Original Article| Volume 135, ISSUE 3, P355-362, March 2023

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Effectiveness and safety of percutaneous sclerotherapy using absolute ethanol and/or polidocanol for maxillofacial venous malformations involving the masticatory muscles: A case series


      This study evaluated the effectiveness and safety of percutaneous sclerotherapy for maxillofacial venous malformations.

      Study Design

      Patients who had venous malformations involving the masticatory muscles and who underwent sclerotherapy were enrolled in this retrospective study.


      Twenty-four patients (13 female, 11 male; mean age 21 years) were analyzed. Major clinical symptoms were swelling (100%) and intralesional pain (54%). Intramuscular lesions involved the masseter muscle only in 38% of cases, both the masseter and temporalis muscles in 33%, all masticatory muscles in 21%, and the temporalis muscle only in 8%. Extramuscular involvement was observed in 58% of patients. Absolute ethanol and polidocanol were used as sclerosants. The mean number of sclerotherapy sessions per patient was 6.6 (range, 1-32). The mean follow-up duration after the first sclerotherapy session was 64.8 months (range, 6-178). The complications included paralysis of the facial nerve (25%), intraoral ulceration (8%), and hemoglobinuria (8%). The effectiveness of treatment was rated as excellent in 33% of cases, good in 46%, and fair in 21%. Better results were obtained in patients without extramuscular involvement.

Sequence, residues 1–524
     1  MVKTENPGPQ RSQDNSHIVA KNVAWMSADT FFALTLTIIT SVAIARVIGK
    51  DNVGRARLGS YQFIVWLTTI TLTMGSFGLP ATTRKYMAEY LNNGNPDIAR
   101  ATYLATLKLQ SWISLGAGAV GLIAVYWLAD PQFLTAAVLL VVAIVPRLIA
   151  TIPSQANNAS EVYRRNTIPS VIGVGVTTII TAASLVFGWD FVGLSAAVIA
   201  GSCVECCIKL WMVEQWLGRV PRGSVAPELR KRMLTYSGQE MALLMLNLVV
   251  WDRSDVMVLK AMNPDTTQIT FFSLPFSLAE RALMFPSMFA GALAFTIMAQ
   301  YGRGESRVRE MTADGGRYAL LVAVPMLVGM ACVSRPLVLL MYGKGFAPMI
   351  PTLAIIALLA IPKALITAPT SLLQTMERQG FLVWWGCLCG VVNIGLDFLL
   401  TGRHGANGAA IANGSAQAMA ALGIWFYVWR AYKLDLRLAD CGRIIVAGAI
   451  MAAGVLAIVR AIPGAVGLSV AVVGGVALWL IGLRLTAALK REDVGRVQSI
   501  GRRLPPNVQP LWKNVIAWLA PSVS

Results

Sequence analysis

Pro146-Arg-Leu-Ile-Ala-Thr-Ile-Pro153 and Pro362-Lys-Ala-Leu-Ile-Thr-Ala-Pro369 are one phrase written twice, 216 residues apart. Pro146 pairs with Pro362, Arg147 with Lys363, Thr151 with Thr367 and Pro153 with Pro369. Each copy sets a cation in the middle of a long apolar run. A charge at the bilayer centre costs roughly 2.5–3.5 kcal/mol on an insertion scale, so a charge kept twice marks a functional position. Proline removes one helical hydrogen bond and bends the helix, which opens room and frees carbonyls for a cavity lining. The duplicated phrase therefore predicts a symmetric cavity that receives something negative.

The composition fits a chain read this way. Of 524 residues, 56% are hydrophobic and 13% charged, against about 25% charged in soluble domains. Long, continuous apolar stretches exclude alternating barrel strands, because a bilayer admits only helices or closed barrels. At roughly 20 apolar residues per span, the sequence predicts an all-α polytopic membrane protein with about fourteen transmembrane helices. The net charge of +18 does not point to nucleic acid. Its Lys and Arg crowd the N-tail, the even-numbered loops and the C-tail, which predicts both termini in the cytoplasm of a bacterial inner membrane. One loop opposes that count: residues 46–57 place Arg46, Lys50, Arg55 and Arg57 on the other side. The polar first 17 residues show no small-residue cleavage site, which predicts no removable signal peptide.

Percutaneous sclerotherapy can be effective and safe for maxillofacial intramuscular venous malformations, especially for localized lesions of the masseter muscle.
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